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Bebop Spoken There

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As we all know there are no live gigs taking place in the immediate future. However, any links to jazz streaming that are deemed suitable - i.e. with a professional approach - will be considered for posting.

Saturday, February 16, 2019

CD Review: Wadada Leo Smith, Rosa Parks - Pure Love

(Review by Ann Alex)

The insert tells us that this music is an oratorio for the iconic American civil rights activist, Rosa Parks(1913-2005), who refused to give up her seat to a white passenger, whilst on a bus in segregated Alabama. This proved to be an important move in the fight against oppression of African American people in the USA. The musicians involved are stellar performers with good track records. For instance, Smith is connected to ‘creative’ musicians form Chicago, and has issued a 4-Cd collection which was a finalist for the Pulitzer Prize in Music (2013). He has received awards for Jazz Artist of the Year(2017) and many other honours.


I was surprised that the CD has turned up at BSH as I would define the music as modern classical music, not jazz. The work consists of 7 songs, interspersed with 8 instrumental pieces, truly an oratorio. There is also a possible stage setting, involving special lighting, obviously not available on the CD. The music is provided by a string quartet, trumpet quartet, 3 soprano voices, drums, electronics, and the trumpet of Smith himself, who is the composer, except for the song No Fear, which is by Rosa Parks. The music has a strong vein of free improvisation, such that I found it quite difficult to listen to, as it was hard to find consistent bits that fitted together, and I am not unused to listening to ‘free’ music, in the jazz genre at least. To fairly judge, I’d need to hear these pieces again, maybe 3 or 4 times.

There were a few high spots, such as pleasing melody from the string quartet, passing fleetingly, and beautiful trumpet playing which didn’t last long enough. I was a bit disappointed by the songs, which were all slow and a bit ponderous to my ears, though beautifully sung by effective soprano voices. The lyrics were statements about the Civil Rights movement rather than being song-like, for example: ‘We have not a democracy, when Twenty-Eight states have Fifty-Six senators, California only two’. I did enjoy parts of track 2, Resistance and Unity, where the music portrayed just that, disturbed playing followed by a calm unified tune, and also the final piece, Victory, portrayed by triumphant cymbals, strings, and trumpet, and I could have listened to that piece longer.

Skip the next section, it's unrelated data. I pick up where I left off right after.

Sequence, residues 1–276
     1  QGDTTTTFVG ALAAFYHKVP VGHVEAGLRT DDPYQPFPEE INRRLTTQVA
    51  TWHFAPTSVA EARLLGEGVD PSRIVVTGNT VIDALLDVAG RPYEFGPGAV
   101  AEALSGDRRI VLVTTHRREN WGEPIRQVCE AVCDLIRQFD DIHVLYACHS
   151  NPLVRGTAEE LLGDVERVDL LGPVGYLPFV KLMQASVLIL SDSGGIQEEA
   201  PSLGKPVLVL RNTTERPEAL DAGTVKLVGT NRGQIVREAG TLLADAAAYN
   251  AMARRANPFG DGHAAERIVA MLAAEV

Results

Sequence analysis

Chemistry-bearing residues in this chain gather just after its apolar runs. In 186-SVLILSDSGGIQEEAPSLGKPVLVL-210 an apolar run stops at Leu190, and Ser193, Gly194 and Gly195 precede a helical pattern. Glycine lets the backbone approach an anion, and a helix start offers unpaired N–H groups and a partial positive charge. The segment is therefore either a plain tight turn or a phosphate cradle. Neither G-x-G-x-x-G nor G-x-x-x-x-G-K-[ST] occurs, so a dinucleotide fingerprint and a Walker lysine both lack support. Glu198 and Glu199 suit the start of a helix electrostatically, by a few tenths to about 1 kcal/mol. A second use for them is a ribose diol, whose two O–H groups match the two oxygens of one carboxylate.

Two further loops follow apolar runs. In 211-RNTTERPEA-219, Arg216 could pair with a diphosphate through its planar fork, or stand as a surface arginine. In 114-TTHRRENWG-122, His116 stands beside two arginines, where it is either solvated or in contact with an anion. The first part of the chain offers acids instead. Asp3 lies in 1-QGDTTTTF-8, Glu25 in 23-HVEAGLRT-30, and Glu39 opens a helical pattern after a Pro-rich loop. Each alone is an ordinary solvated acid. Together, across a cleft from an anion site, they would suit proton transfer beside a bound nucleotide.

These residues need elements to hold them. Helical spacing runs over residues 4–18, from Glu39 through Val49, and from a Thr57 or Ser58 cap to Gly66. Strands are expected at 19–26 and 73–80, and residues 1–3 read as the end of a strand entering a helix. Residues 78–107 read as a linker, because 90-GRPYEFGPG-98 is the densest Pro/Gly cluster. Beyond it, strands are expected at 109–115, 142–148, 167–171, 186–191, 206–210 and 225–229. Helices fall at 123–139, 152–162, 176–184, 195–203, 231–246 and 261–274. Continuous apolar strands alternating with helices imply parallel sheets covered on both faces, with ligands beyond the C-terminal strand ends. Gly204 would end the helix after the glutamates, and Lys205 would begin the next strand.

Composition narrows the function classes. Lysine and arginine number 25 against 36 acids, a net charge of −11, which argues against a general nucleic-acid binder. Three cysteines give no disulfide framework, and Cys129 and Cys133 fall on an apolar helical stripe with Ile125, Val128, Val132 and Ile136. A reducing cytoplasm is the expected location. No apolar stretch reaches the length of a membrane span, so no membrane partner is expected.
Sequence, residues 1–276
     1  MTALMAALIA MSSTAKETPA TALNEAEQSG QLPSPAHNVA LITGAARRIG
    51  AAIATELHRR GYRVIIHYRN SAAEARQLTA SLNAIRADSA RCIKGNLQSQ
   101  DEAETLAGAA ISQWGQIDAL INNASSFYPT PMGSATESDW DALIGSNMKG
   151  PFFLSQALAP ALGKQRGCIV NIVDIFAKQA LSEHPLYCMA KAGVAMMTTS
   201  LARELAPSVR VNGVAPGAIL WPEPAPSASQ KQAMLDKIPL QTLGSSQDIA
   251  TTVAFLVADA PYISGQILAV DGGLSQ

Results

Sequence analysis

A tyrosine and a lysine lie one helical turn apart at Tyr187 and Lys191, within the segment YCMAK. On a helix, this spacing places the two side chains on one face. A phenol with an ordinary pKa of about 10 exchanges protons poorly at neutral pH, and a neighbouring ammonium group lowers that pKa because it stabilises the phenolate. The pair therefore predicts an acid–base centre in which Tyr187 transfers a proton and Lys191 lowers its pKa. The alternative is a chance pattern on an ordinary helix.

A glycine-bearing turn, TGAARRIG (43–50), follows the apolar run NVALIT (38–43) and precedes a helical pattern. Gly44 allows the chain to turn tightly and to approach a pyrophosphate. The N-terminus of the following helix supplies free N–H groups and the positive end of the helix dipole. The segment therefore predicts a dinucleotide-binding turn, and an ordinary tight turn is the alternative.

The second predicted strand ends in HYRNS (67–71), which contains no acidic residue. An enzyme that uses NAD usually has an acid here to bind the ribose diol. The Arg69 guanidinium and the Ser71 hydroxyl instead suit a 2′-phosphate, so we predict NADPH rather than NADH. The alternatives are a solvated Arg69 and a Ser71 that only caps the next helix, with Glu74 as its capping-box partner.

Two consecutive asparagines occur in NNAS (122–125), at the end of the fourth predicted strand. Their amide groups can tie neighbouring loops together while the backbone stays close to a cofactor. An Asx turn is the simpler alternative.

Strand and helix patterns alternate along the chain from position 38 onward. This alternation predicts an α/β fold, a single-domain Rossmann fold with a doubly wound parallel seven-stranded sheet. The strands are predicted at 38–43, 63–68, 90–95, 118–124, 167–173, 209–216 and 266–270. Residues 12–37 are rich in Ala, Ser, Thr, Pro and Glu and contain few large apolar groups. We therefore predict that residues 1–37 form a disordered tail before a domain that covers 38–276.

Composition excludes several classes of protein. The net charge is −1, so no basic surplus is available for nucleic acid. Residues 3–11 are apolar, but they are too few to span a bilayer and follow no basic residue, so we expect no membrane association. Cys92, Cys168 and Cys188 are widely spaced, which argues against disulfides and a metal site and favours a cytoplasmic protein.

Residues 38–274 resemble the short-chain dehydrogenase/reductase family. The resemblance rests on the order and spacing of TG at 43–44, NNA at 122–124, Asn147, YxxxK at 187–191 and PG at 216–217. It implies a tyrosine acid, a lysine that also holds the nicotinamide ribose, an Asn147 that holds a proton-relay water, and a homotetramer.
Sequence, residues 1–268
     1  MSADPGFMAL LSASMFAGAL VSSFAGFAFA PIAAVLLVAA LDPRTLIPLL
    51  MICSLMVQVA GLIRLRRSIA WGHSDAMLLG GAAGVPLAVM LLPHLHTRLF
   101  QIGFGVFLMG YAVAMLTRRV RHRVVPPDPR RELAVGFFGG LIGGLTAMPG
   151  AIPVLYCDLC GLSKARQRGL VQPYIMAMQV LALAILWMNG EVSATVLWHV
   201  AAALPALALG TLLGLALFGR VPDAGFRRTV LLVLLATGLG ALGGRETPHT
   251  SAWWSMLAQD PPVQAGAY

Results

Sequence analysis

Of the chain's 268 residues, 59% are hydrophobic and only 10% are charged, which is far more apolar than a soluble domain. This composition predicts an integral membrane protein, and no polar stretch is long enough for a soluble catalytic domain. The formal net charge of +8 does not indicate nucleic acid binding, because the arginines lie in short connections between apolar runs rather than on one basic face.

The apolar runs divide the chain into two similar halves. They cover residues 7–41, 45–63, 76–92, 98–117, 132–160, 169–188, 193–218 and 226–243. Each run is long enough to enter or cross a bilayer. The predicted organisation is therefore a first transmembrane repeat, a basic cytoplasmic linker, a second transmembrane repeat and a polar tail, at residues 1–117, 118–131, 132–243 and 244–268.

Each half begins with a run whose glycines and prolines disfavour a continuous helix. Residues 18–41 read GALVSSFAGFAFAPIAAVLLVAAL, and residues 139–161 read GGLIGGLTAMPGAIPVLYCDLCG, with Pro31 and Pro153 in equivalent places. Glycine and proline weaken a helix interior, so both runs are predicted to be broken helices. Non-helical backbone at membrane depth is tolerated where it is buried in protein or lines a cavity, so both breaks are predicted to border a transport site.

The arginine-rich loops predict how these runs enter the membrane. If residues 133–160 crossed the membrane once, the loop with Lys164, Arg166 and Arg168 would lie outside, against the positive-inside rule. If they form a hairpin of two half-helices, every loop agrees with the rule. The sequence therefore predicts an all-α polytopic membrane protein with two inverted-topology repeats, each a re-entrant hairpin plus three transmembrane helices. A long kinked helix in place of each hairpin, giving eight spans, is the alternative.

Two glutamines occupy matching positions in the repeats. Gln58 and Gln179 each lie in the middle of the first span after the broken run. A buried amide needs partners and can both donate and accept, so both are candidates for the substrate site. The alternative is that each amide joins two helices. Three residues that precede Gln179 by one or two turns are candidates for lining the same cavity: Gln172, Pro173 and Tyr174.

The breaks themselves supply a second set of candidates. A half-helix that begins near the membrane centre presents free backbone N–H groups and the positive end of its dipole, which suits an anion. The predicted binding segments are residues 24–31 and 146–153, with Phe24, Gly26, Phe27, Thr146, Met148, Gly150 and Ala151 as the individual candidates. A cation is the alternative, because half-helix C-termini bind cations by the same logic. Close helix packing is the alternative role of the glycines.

To convey the ‘feel’ of the piece, I’ll simply list the tracks, which are: 1/Prelude: Journey;2/ Vision:Dance Resistance and Unity; 3/Rosa Parks: Mercy, Music for Double Quartet; 4/ Song1: The Montgomery Bus Boycott-381 days of Fire; 5/ Song 2: The First Light, Gold; 6/ Vision Dance 2: Defiance, Justice and Liberation; 7/ Song 3: Change it!; 8/ Song 4: The Truth; 9/ Song 5: No Fear; 10/ Vision Dance 3: Rosa’s Blue Lake; 11/ Song 6: The Second Light; 12/ Vision Dance 4: A Blue Casa; 13/ Song 7: Pure Love; 14/ The Known World: Apartheid; 15/ Postlude: Victory!

Wadada Leo Smith (composer, trumpet); Diamond Voices: Min Xiao-Fin (voice, pipa); Carmina Escobar; Karen Parks (voice); RedKoral Quartet : Shalini Vijayan; Mona Tien; (violin); Andrew McIntosh (viola); Ashley Walters (cello); Blue Trumpet Quartet: Wadada Leo Smith, Ted Daniel, Hugh Ragin (trumpet); Graham Haynes (cornet); Janus Duo: Pheeroan akLaff (drum-set); Hardedge  (electronics). Also musical excerpts: Anthony Braxton (alto sax); Steve McCall (drum-set); Leroy Jenkins (violin)
The CD is distributed in the USA by City Hall records, who can be contacted on www.cityhallrecords.com
Ann Alex

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